Polystichum filiorum, a narrow endemic from western Dominican Republic
Hispaniola has been on my "to-do" list for fern collecting for several years now, and I finally got the opportunity to go (with a lot of support from the Jardín Botánico Dr. Rafael María Moscoso in Santo Domingo)! I've become increasingly interested in the Caribbean in the last few years, as I have become more aware of the spectacular endemism in the region and the fact that a large number of type collections of widespread taxa were made in the West Indies. This later point has become particularly important as I've started to work in some widespread Neotropical species complexes - obviously, including material from at or near type localities is critical for such work. I was finally able to make some progress towards working in the area in the spring of 2018, when I met several of the directors of national botanical garden of the Dominican Republic at a meeting in Havana, Cuba. Over the course of several months following that meeting, we developed a plan for a future visit to work in the herbarium, offer a short course in fern biology for students, and do fieldwork in the mountains of the country's western region. Thanks to a tremendous amount of help from Yuley Encarnación Piñeyro, the manager of the national herbarium, I was able to navigate the permitting process with relative ease, and things were set for a trip in the first half of December.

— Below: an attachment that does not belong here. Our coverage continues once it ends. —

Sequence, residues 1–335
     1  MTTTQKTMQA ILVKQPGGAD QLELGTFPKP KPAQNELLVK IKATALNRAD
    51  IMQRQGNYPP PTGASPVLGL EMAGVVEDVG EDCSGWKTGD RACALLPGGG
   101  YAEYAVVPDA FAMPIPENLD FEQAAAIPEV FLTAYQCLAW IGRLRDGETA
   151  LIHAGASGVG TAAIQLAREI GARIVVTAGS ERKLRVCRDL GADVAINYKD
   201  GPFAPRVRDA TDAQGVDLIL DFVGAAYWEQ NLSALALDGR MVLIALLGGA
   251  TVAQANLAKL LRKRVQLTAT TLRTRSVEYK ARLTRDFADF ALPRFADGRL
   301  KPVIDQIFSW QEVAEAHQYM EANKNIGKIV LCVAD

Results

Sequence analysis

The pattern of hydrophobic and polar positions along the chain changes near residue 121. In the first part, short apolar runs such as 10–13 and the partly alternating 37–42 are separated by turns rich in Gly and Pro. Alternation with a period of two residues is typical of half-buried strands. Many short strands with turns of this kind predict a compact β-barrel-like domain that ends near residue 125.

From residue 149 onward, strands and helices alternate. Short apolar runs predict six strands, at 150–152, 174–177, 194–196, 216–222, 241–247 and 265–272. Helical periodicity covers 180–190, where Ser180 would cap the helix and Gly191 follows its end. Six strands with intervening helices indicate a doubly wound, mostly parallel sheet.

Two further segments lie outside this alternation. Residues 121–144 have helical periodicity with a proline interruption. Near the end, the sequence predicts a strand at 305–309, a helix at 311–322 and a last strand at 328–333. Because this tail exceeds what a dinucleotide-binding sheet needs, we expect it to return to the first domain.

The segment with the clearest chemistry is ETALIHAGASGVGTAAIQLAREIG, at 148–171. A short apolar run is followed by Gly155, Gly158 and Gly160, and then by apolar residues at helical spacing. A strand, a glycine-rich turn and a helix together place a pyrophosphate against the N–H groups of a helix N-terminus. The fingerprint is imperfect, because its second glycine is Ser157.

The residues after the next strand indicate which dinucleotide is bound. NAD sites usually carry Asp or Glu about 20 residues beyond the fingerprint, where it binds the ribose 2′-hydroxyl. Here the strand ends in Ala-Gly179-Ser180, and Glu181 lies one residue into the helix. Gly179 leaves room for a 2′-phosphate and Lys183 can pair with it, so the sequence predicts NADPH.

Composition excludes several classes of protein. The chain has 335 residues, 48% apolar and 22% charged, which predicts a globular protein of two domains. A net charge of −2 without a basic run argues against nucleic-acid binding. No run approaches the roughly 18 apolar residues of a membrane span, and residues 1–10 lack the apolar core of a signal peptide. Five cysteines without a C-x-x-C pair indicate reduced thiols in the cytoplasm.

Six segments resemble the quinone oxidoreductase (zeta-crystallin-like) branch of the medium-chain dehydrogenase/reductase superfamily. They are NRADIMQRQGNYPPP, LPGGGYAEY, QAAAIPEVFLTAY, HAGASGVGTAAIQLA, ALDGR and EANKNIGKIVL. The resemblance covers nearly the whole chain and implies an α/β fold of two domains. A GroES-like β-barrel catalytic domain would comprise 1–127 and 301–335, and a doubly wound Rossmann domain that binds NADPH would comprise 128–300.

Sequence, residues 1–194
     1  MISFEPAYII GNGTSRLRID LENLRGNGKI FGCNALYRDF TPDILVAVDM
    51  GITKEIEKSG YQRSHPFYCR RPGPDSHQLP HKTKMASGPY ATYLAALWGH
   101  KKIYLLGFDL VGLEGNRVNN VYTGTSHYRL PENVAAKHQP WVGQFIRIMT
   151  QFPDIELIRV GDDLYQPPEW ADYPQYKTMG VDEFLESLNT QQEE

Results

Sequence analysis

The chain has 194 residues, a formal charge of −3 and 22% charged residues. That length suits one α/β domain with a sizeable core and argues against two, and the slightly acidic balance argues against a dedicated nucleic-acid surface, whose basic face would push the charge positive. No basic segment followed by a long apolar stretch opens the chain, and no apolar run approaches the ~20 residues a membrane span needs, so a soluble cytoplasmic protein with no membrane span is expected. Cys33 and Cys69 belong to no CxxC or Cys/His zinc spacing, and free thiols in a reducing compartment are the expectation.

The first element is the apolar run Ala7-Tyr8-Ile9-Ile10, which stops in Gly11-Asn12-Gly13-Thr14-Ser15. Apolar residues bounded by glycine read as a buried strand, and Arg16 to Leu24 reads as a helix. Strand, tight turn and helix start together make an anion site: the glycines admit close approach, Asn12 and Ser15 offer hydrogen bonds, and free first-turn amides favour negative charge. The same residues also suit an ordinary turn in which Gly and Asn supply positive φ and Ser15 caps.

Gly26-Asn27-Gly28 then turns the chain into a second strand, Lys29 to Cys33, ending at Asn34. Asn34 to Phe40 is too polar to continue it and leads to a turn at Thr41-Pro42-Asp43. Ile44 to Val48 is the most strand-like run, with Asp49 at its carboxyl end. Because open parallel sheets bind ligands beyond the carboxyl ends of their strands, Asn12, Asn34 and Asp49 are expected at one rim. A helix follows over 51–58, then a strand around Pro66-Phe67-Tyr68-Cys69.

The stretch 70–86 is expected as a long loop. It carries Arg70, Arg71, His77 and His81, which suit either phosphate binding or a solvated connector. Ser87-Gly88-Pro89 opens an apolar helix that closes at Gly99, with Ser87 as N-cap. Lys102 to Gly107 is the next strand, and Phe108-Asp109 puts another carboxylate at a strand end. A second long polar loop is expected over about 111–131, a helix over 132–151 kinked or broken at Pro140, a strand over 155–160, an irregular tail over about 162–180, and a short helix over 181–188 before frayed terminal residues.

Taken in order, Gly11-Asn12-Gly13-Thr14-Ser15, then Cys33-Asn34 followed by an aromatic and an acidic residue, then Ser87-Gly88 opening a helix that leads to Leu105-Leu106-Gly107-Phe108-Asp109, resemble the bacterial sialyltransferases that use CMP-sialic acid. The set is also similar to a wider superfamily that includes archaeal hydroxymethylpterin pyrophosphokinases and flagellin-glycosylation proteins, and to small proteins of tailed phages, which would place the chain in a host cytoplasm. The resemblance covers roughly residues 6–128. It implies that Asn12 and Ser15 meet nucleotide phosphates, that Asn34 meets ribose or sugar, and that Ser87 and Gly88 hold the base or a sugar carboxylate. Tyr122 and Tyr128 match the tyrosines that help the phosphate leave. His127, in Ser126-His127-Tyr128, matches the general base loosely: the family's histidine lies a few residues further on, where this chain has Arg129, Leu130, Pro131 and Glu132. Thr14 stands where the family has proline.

On this trip, I was joined by Lindsey Riibe (University of Florida), Susan Fawcett (University of Vermont), Sally Chambers (Marie Selby Botanical Gardens) and Pedro Schwartsburd (Universidade Federal do Viçosa), all of whom work on various groups of ferns. Our plan was simple: start with a few days in the national herbarium to familiarize ourselves with the flora and localities, rent two trucks and head towards the border with Haiti to collect in the Sierra de Neyba and Sierra de Baoruco for a week, and then offer a short course on fern systematics to university students in Santo Domingo. As none of us had prior experience in the Dominican Republic, our success was dependent largely upon our friends in the herbarium, especially Yuley and the two resident field botanists, Teodoro Clase and Yommi Piña, who would accompany us on the trip. Despite some minor hiccups at the start of the trip (apparently reserving a 4x4 at a car rental agency in Santo Domingo does not ensure that you will get one) we were on the road soon enough, headed towards the limestone mountains of the country's southwest.
A huge Pityrogramma ebenea!